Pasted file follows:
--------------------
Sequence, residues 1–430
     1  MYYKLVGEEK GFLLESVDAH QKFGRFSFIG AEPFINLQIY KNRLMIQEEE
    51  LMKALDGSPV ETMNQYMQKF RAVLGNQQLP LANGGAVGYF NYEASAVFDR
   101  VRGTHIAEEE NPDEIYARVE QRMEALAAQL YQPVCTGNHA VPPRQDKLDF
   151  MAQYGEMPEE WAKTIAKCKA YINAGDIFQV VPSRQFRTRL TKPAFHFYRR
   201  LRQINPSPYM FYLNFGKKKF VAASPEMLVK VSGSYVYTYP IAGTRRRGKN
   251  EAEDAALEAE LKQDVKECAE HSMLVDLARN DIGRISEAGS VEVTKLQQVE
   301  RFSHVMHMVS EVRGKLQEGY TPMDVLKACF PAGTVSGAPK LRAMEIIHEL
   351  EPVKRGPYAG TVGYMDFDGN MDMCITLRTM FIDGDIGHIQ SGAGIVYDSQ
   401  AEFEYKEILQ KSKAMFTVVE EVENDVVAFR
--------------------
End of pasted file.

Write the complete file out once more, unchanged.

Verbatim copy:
Sequence, residues 1–430
     1  MYYKLVGEEK GFLLESVDAH QKFGRFSFIG AEPFINLQIY KNRLMIQEEE
    51  LMKALDGSPV ETMNQYMQKF RAVLGNQQLP LANGGAVGYF NYEASAVFDR
   101  VRGTHIAEEE NPDEIYARVE QRMEALAAQL YQPVCTGNHA VPPRQDKLDF
   151  MAQYGEMPEE WAKTIAKCKA YINAGDIFQV VPSRQFRTRL TKPAFHFYRR
   201  LRQINPSPYM FYLNFGKKKF VAASPEMLVK VSGSYVYTYP IAGTRRRGKN
   251  EAEDAALEAE LKQDVKECAE HSMLVDLARN DIGRISEAGS VEVTKLQQVE
   301  RFSHVMHMVS EVRGKLQEGY TPMDVLKACF PAGTVSGAPK LRAMEIIHEL
   351  EPVKRGPYAG TVGYMDFDGN MDMCITLRTM FIDGDIGHIQ SGAGIVYDSQ
   401  AEFEYKEILQ KSKAMFTVVE EVENDVVAFR